Mountainfit

April 9th, 2012 | Meera

Hello there. It’s been a little while since I’ve talked with you, but part of that is because of the news I’d like to share today.

Some of you may remember that last year I started a Kickstarter project to help me publish a little book about my time as a volunteer in Sweden at Lake Ånnsjön Bird Observatory. That book is finally finished. It ended up being called Mountainfit, and it bears an unbelievably lovely Diana Sudyka-designed cover.

I created a very limited print run for Kickstarter backers and the observatory; otherwise the book only exists in digital form.

I’ve made the ebook available for purchase directly through this website. $5 will let you download a copy in three formats: ePUB, MOBI, and PDF. And it will present you with a collection of short essays—some as brief as a page and some as long as sixteen—about birds, science, myth, and the mountains of Sweden.

Female Great Snipe

This is Raymond Klaassen with a Great Snipe, a bird about which I say quite a lot in the book.

I am a poor saleswoman, but if you’re a Science Essayist reader or you follow my Tumblr project 366 Days of Words in Science,* you probably already have a pretty good sense of whether you’ll like this book or not.

I did decide that while I was telling you about it here, I’d also include the table of contents from Mountainfit, because I know that when I pick up a strange book in the library or a bookstore, chapter titles are often a good way of getting a little peek into its style and content.

Here is the Mountainfit TOC:

the trapeze artist, the cuckoo, and me
claim your area
field notes from a lost lek
the idea of joy
the language of the birds
where the kría swarm
the werewolf possibility
to see a hooded crow with its cowl thrown over its head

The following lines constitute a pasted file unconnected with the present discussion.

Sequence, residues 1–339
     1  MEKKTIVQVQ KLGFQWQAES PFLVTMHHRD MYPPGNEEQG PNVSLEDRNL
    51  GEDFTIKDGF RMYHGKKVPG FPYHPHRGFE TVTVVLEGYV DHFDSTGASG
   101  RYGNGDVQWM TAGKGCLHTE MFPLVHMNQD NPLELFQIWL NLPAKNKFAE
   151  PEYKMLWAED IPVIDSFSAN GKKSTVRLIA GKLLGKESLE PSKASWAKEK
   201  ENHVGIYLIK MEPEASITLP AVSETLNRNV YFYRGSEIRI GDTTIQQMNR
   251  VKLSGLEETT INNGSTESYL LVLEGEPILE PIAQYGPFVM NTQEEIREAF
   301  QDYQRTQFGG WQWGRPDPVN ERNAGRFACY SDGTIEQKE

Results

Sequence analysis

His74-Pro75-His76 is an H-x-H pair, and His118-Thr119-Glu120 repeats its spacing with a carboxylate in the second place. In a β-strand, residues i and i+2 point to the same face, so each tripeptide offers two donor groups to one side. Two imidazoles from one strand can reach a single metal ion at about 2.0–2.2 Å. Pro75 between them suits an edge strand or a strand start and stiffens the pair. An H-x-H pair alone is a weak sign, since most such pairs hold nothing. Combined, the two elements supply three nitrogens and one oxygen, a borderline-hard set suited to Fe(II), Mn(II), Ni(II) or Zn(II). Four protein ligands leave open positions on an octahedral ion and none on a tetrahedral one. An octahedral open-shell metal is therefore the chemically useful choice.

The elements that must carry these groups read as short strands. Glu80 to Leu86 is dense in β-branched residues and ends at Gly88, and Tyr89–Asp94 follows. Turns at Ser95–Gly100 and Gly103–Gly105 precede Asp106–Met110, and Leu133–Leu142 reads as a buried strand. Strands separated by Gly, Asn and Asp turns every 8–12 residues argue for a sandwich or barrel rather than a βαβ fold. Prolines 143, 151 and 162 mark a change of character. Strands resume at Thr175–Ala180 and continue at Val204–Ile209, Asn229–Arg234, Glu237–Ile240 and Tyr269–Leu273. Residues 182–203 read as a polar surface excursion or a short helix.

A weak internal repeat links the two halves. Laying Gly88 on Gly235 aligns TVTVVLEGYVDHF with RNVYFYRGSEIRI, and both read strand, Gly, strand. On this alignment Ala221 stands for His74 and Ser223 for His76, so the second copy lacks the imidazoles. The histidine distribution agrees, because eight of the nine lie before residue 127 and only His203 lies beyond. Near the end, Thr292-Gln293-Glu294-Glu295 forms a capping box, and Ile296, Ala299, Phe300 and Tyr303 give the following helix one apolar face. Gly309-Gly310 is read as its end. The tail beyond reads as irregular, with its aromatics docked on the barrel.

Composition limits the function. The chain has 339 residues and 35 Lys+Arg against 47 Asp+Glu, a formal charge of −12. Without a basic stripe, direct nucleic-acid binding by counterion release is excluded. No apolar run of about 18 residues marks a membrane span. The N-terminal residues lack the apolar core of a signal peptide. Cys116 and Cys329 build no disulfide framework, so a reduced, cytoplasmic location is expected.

the world’s sweetest double-cross
things often heard
different ways of agreeing and disagreeing
seasonal plumage
a good lemming year
mountainfit
being king solomon
the gyr is a gyr
the vagrant in sweden
appendix: an incomplete list of birds that have appeared in this book, along with ways of naming them
about, etc.
selected references

I think that’s it! You can buy a copy of Mountainfit here. And as is always, always true, I thank you so much for reading.

*Since January 1, 2012, I’ve been keeping a daily word-diary at 366 Days of Words in Science. Each post contains the definition of a scientific word, a photograph I took that day, and a tiny piece of something else: something personal, usually. So far it’s been incredibly fun for me to work on, although it’s true that every night after dinner I groan theatrically and say to Ross, “AGH, I haven’t found a word yet.” So far, there are 99 words in the series. I’ll stop when I get to 366—which will probably be in the middle of March, 2013, because I’m taking a break from electricity this summer to volunteer with the Fish and Wildlife Service in western Alaska.

2 Responses to “Mountainfit”

  1. Anya Weber says:

    It arrived today! Excited to check it out. Congrats on completing and publishing it!